Takotsubo cardiomyopathy is an increasingly recognized and reported syndrome. There is a high incidence of complications during the acute phase and current guidelines for clinical management are limited. Early identification in the ED using ultrasound can help guide management.


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  2. Virani S, Khan A, Mendoza C, et al. Takotsubo cardiomyopathy, or broken-heart syndrome. Tex Heart Inst J. 2007;34(1):76-79.
  3. Singh K, Akashi Y, Horowitz J. Takotsubo syndrome therapy: Current status and future directions. International Cardiovasc Forum J. 2016;5.
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  8. Hessel EA, 2nd, London MJ. Takotsubo (stress) cardiomyopathy and the anesthesiologist: Enough case reports. Let's try to answer some specific questions! Anesth Analg. 2010;110:674–9.
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  10. Hurst RT, Prasad A, Askew JW 3rd, et al. Takotsubo cardiomyopathy: a unique cardiomyopathy with variable ventricular morphology. JACC Cardiovasc Imaging. 2010;3:641–649.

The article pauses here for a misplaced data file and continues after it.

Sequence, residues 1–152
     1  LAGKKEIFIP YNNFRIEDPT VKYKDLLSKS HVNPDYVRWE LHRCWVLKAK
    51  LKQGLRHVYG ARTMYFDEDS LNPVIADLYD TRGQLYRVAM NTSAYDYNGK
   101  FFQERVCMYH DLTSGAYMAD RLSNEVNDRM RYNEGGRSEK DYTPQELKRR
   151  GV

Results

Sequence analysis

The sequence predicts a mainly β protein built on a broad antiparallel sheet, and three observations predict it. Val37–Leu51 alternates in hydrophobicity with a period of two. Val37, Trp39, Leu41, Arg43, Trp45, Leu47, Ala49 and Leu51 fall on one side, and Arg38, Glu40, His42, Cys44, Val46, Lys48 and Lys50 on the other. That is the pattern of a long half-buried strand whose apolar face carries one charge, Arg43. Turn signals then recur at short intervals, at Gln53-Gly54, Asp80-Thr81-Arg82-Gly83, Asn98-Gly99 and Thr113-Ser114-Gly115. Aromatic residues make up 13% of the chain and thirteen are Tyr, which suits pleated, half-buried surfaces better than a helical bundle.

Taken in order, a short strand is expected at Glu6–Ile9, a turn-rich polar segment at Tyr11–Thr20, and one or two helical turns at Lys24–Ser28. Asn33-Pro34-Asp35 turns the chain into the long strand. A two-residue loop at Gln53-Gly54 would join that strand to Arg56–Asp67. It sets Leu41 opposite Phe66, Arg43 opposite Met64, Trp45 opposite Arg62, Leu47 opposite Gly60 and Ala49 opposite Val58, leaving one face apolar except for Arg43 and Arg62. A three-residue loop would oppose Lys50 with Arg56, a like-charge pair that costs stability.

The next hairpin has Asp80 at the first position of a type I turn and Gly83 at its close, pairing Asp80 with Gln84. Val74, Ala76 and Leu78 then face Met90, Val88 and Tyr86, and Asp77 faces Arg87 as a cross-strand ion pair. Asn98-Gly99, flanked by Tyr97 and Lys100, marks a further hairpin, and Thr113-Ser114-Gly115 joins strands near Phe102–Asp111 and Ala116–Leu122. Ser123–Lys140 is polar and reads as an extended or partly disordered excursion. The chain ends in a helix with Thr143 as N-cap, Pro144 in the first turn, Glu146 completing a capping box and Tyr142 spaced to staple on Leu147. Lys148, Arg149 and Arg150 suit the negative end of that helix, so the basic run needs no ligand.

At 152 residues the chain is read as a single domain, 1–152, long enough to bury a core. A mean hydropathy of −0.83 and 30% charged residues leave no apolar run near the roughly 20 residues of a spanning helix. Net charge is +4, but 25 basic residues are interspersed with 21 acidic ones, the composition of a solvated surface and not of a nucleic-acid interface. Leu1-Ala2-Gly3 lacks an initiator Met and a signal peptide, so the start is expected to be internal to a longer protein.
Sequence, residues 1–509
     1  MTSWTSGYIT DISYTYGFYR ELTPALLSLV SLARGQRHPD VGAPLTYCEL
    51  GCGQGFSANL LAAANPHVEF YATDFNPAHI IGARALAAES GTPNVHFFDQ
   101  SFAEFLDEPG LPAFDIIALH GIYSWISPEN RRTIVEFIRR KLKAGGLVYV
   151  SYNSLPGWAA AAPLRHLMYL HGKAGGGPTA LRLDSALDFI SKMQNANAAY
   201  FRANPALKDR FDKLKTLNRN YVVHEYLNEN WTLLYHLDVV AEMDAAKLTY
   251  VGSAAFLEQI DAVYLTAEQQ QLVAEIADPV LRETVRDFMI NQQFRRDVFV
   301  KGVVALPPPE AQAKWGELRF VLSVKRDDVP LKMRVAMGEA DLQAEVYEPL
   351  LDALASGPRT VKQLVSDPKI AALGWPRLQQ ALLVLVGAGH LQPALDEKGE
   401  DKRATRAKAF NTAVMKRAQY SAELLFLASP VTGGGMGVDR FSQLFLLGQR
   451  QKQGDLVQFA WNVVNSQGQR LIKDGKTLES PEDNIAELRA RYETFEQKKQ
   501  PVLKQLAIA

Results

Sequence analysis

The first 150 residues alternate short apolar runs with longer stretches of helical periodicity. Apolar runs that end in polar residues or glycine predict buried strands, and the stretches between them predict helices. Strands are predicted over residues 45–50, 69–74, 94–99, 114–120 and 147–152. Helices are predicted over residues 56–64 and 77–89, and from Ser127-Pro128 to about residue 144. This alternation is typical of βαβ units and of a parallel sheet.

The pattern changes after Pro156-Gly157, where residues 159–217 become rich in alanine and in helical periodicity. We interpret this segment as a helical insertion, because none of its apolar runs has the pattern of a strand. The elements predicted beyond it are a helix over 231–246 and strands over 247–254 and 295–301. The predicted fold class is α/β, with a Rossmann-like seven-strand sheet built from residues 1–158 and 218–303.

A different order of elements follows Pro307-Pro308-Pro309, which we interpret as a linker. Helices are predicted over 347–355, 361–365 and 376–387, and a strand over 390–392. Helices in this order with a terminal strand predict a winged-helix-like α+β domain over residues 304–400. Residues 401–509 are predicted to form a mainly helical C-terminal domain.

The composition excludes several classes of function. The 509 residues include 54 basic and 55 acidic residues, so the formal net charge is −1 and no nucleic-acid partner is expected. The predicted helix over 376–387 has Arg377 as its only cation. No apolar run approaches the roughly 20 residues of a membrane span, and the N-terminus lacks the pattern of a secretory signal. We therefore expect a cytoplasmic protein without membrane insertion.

11. Parodi G, Del Pace S, Carrabba N, et al. Incidence, clinical findings, and outcome of women with left ventricular apical ballooning syndrome. Am J Cardiol. 2007;99:182–85.
  12. Sharkey SW, Lesser JR, Zenovich AG, et al. Acute and reversible cardiomyopathy provoked by stress in women from the United States. Circulation. 2005;111:472–79.
  13. Murakami T, Yoshikawa T, Maekawa Y, et al. Characterization of predictors of in-hospital cardiac complications of Takotsubo cardiomyopathy: Multi-center registry from Tokyo CCU Network, J Cardiol. 2014;63(4):269-73.
  14. Elesber AA, Prasad A, Lennon RJ, et al. Four-year recurrence rate and prognosis of the apical ballooning syndrome. J Am Coll Cardiol. 2007;50:448–452.
  15. Yerasi C, Koifman E, Weissman G, et al. Impact of triggering event in outcomes of stress-induced (Takotsubo) cardiomyopathy. Eur Heart J: Acute Cardiovasc Care. 2017;6.3:280-286.
  16. Eitel I, von Knobelsdorff-Brenkenhoff F, Bernhardt P, et al. Clinical characteristics and cardiovascular magnetic resonance findings in stress (Takotsubo) cardiomyopathy. JAMA. 2011;306(3):277-286.
  17. Stiermaier T, Moeller C, Oehler K, et al. Long-term excess mortality in Takotsubo cardiomyopathy: predictors, causes and clinical consequences. Eur J Heart Fail. 2016;18:650–656.